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By Perry Cooper
July 13 — The prognostications from the plaintiffs' bar were dire. The U.S. Supreme Court could effectively wipe out class actions with the cases it had agreed to hear this term.
But now that the 2015-2016 term is over, some of those same attorneys are singing a different tune.
Samuel Issacharoff, professor of civil procedure and complex litigation at New York University School of Law, deems the top court's slate of class action cases that concluded in June “the term that wasn't.”
“People were legitimately predicting that this term included several cases that posed an existential threat to the class action device,” plaintiffs' attorney Deepak Gupta told Bloomberg BNA.
“Not only did that not turn out to be the case, but the era where the Supreme Court is interested in radically curbing the class device is over,” he said. Gupta is founding principal of Gupta Wessler PLLC, a Washington public interest law firm representing consumers and workers.
But the plaintiffs' bar may have set themselves up for declaring a more significant victory than they actually won by exaggerating the risks to class actions in the first place, Archis A. Parasharami, a partner at defense firm Mayer Brown in Washington, said.
“The plaintiffs’ bar’s over-exuberance over the results in a case like Spokeo seem to stem from an unreasonable fear that these cases threatened all class actions to begin with,” he told Bloomberg BNA.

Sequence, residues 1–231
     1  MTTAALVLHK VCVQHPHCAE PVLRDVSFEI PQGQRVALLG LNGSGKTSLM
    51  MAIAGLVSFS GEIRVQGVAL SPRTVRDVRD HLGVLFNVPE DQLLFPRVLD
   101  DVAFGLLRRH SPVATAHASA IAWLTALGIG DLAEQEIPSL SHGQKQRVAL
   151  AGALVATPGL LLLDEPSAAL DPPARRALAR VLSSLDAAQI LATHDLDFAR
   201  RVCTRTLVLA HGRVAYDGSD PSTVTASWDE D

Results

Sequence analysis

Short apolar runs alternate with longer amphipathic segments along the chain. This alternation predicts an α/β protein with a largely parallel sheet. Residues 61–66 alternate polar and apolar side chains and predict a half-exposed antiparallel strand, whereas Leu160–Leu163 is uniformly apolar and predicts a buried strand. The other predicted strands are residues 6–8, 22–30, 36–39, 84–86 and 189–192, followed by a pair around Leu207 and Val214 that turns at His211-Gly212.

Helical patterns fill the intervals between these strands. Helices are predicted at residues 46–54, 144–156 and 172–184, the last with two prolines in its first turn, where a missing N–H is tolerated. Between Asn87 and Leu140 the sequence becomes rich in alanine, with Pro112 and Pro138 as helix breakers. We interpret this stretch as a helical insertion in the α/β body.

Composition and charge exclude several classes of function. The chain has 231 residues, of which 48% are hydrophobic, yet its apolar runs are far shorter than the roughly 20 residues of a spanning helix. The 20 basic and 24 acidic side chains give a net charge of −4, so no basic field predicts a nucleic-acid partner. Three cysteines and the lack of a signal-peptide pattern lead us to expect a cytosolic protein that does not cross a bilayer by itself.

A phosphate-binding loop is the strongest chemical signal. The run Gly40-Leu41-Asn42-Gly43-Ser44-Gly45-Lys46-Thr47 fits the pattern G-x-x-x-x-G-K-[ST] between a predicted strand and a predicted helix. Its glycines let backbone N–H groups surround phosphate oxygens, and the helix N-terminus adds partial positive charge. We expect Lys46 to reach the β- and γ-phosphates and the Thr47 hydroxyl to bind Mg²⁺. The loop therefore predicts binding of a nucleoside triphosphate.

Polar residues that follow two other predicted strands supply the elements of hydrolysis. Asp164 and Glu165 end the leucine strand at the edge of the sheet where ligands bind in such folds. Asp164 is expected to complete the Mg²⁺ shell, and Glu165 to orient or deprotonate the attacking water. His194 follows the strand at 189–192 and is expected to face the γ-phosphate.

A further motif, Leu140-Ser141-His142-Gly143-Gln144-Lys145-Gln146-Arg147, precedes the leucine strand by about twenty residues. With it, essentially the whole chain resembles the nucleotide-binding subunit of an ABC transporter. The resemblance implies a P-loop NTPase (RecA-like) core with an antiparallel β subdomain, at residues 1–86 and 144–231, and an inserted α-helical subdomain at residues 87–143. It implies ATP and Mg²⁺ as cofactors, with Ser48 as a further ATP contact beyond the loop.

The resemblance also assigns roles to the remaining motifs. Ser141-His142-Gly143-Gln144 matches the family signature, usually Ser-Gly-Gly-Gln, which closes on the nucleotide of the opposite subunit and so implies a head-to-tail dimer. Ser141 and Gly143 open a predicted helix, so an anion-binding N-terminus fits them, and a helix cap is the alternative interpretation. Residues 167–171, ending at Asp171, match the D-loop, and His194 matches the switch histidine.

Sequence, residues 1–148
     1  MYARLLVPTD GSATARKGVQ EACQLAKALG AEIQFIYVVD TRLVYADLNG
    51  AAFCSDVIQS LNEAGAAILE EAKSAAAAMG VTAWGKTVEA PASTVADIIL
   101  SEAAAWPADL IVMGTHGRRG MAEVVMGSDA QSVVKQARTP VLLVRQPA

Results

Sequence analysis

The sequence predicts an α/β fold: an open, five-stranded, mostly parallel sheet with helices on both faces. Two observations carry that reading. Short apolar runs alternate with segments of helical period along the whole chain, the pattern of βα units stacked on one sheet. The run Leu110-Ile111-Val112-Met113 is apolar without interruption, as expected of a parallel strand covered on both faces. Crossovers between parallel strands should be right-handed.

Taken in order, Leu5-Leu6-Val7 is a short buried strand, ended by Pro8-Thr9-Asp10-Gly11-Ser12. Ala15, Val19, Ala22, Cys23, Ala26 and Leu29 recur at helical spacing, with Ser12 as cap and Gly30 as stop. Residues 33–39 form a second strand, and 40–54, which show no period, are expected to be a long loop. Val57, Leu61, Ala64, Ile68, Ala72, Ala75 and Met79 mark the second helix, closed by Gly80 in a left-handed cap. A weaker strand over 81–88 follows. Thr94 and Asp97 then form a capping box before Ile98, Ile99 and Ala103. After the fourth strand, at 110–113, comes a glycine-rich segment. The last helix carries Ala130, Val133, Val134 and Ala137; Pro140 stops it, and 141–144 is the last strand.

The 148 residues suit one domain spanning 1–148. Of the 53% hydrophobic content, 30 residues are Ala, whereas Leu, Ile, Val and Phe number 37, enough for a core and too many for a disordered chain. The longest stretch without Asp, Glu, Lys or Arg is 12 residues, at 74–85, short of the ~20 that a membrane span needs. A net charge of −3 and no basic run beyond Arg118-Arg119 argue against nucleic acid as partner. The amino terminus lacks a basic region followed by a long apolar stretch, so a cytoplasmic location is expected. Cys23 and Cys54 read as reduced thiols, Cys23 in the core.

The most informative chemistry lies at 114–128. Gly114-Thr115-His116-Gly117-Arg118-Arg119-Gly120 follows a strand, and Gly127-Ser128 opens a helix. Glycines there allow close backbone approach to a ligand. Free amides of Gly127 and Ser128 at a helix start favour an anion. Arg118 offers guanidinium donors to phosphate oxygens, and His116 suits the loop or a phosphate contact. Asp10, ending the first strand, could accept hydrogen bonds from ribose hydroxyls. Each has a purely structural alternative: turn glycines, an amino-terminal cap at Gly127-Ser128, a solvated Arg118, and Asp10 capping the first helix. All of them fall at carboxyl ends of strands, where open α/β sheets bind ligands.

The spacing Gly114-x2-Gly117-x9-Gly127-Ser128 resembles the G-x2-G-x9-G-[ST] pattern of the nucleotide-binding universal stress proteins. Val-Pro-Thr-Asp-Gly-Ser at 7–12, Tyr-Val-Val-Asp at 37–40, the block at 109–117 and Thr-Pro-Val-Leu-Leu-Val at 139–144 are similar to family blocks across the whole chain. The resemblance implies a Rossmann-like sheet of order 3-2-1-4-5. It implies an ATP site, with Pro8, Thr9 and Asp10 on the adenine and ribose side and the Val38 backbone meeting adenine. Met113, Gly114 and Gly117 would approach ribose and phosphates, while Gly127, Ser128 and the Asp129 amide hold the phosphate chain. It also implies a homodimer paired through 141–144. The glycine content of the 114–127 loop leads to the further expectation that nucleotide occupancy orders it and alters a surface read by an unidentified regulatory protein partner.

Gupta and Parasharami represented the opposing parties in that much anticipated statutory standing case before the top court.
“But that would have been an unrealistic expectation from either side to begin with,” Parasharami said.
Another plaintiffs' attorney, however, shrugged off Parasharami's comments as sour grapes, calling his comments “a fascinating attempt at damage control” on the part of the defense bar.
“As Donald Trump has proven, it is possible to claim anything, but the facts are the facts,” Arthur Bryant, chairman of Public Justice, a consumer advocacy organization in Oakland, Calif., said.
“If you go and look at the briefs they did not get anything significant that they wanted,” Bryant said.
The Supreme Court heard three cases this term which were anticipated by both sides to have potentially significant class action implications.